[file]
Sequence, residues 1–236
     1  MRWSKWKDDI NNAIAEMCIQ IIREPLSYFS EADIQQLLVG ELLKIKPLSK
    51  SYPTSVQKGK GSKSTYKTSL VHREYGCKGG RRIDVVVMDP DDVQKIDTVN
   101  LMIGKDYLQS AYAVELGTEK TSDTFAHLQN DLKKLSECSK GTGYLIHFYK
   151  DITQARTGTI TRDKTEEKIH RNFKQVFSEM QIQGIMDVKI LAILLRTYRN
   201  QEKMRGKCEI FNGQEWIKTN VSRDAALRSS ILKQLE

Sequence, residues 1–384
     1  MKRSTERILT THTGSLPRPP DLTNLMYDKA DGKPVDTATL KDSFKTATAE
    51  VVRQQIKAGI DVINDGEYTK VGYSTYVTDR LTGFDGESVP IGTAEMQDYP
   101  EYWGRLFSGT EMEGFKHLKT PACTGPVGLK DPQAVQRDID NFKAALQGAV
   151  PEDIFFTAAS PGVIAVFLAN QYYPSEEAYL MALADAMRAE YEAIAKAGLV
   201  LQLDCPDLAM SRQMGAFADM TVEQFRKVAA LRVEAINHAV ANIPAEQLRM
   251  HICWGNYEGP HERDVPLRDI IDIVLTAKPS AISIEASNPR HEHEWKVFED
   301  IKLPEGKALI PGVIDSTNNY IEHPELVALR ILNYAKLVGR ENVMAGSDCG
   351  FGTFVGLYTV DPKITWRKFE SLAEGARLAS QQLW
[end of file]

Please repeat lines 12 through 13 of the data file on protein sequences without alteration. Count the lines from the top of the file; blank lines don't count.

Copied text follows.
   201  LQLDCPDLAM SRQMGAFADM TVEQFRKVAA LRVEAINHAV ANIPAEQLRM
   251  HICWGNYEGP HERDVPLRDI IDIVLTAKPS AISIEASNPR HEHEWKVFED